I will just like to say that living intentionally is a continuous process. You will not get it right all the time. People will annoy you, they will intentionally strike nerves that hurt, your plans will not always go as expected, as a human being you might be confrontational but always know that retracing your steps when you run go off the track is more important.

Notice that I did not beat myself up?

The truth is, the way to realise you have grown is when you can call yourself out, notice behavioural changes that should be discontinued and then find ways that will help you become a better person.

I hope to start living intentionally again and gain control of my actions.

Remember, you are only as good as your last behaviour.

Share your thoughts if you enjoyed reading this.

Do you listen to your instinct? 

How much does your instinct help with decision making?

How do you get back on track when you notice there’s been a change in your behaviour?

I always love to read from you

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15 thoughts on “On Noticing Behavioural Changes and Instinct.

  1. Awesome self-check! I really enjoyed your article and your self-awareness!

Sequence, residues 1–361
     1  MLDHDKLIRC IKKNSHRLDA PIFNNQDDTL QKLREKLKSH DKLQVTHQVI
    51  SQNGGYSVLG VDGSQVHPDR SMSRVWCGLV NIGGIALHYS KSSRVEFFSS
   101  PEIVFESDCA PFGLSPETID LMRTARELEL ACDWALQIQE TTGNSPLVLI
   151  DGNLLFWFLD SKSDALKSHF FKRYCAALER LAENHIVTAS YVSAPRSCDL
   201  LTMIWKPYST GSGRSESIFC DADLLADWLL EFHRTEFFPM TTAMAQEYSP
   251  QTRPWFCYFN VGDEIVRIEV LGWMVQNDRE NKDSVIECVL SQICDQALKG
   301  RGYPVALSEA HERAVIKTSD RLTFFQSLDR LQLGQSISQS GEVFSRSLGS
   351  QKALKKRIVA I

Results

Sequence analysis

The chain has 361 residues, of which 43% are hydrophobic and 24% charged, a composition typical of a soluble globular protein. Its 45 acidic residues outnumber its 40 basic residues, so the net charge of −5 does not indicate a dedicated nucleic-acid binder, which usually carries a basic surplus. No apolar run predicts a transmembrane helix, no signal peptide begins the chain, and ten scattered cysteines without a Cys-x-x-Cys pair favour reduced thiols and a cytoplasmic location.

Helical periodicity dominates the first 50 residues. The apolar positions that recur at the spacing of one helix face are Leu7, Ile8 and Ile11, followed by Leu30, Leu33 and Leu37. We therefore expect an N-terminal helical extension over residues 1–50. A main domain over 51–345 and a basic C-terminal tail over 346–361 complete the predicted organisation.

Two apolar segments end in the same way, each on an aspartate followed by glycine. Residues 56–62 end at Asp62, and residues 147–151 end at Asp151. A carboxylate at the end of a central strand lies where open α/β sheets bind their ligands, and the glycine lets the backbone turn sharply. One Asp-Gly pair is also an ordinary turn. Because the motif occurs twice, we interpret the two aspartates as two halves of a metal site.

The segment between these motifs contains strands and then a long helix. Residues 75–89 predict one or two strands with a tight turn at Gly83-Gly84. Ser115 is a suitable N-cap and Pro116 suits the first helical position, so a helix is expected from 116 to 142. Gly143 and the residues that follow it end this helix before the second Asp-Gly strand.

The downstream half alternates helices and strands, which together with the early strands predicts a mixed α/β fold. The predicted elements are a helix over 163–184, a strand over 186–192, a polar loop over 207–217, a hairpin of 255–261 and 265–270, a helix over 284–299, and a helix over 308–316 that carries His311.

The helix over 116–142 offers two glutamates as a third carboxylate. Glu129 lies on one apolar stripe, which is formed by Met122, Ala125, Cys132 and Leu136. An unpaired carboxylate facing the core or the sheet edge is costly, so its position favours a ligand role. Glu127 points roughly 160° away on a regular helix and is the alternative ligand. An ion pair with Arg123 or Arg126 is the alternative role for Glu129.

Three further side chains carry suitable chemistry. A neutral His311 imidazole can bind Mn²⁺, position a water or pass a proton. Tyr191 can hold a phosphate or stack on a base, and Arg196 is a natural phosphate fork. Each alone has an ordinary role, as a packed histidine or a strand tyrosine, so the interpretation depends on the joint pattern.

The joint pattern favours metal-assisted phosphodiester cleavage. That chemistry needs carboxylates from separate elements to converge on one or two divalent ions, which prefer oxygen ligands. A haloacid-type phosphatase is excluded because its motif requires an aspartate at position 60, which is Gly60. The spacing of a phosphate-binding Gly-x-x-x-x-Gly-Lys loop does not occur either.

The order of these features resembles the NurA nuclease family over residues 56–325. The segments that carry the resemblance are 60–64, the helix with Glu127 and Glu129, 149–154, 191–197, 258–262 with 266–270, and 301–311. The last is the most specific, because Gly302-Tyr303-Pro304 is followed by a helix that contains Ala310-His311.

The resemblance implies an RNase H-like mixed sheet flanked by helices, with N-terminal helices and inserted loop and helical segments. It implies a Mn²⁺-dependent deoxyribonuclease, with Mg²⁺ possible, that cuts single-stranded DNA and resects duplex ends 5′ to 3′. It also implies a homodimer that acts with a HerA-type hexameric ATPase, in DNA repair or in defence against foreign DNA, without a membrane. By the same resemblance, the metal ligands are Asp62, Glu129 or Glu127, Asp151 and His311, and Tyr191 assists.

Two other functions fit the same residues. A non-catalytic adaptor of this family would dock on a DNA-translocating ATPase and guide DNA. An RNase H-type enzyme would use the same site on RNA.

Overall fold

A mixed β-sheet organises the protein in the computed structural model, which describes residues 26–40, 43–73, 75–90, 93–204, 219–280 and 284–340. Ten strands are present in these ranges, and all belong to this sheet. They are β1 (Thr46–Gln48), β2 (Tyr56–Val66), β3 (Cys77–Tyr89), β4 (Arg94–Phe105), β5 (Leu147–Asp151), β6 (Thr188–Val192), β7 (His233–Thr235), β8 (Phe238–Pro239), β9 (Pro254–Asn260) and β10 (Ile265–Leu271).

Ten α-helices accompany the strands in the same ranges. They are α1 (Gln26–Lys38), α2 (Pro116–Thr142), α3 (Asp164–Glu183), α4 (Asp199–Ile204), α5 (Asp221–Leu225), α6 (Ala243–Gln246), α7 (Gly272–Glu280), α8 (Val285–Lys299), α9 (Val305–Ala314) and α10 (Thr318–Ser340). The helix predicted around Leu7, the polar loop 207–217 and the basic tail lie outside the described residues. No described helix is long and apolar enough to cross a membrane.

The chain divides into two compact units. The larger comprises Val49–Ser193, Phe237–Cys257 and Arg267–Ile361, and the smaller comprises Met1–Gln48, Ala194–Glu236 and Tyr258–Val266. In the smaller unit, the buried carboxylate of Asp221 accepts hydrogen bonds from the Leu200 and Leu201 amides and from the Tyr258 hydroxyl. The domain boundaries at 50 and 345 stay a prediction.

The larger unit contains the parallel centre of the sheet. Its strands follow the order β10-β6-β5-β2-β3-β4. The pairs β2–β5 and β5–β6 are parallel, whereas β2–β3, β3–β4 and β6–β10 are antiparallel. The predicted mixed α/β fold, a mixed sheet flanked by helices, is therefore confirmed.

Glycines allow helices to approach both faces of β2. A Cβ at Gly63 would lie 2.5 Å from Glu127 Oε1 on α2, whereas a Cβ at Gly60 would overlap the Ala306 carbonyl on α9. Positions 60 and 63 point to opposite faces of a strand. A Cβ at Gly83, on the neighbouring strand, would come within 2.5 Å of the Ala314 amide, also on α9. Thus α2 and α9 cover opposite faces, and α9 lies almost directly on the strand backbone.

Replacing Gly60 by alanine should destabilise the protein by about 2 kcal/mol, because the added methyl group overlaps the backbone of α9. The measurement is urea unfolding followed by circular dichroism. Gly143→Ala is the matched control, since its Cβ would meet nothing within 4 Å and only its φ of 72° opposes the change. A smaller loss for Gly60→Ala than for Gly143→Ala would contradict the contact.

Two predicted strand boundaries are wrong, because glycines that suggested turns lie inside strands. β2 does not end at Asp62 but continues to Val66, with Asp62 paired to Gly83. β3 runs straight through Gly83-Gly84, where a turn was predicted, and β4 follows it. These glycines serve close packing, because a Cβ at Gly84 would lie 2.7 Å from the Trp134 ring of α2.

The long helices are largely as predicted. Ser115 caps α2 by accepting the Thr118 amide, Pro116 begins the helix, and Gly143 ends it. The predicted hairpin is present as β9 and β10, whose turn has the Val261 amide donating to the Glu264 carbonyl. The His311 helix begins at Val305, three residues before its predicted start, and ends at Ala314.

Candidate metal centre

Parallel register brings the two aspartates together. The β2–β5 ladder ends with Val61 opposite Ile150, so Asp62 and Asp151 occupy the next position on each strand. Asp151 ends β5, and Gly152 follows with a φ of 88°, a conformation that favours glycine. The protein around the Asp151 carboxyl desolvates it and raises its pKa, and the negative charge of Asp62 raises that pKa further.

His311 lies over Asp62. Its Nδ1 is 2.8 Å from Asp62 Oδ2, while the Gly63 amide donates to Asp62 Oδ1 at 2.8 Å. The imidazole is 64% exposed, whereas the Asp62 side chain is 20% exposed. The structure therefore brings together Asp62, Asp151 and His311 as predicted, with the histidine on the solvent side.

I have always found people find it so easy to allow an outburst and unload on others because of their own personal turmoil. I truly work at not allowing myself to follow suit – however, I am not a perfect specimen of the human race either.

    From my experience, it is always easy for one to say: “Gee, I’m sorry. I was having a bad day” (or whatever justification is used). The problem is the words are spoken and cannot be taken back. “I’m sorry” seldom removes the wound the harsh words have caused. It merely leaves a scab so-to-speak, which may at a later date be re-opened. I ask for guidance daily for the use of my words to “build up” and not “tear down”.

    I will continue to do so as I have not accomplished perfection in this area to date although I am better than I used to be!

    Liked by 1 person

    1. Hi hi..Thank you for sharing your thoughts…I agree with you…our personal problems should not control our behaviour…However, i feel like being mindful is a continuous process as we cannot always get it right…Good to read from you

      Liked by 1 person

  2. Isn’t it interesting how many times this sort of thing happens? I have likewise noted, and blogged about, how frequently devotional readings seem to be so timely–even more so when they follow one another in a short period of time! Watching our words (spoken or typed!) is probably one of the most challenging tasks we face!

    Liked by 2 people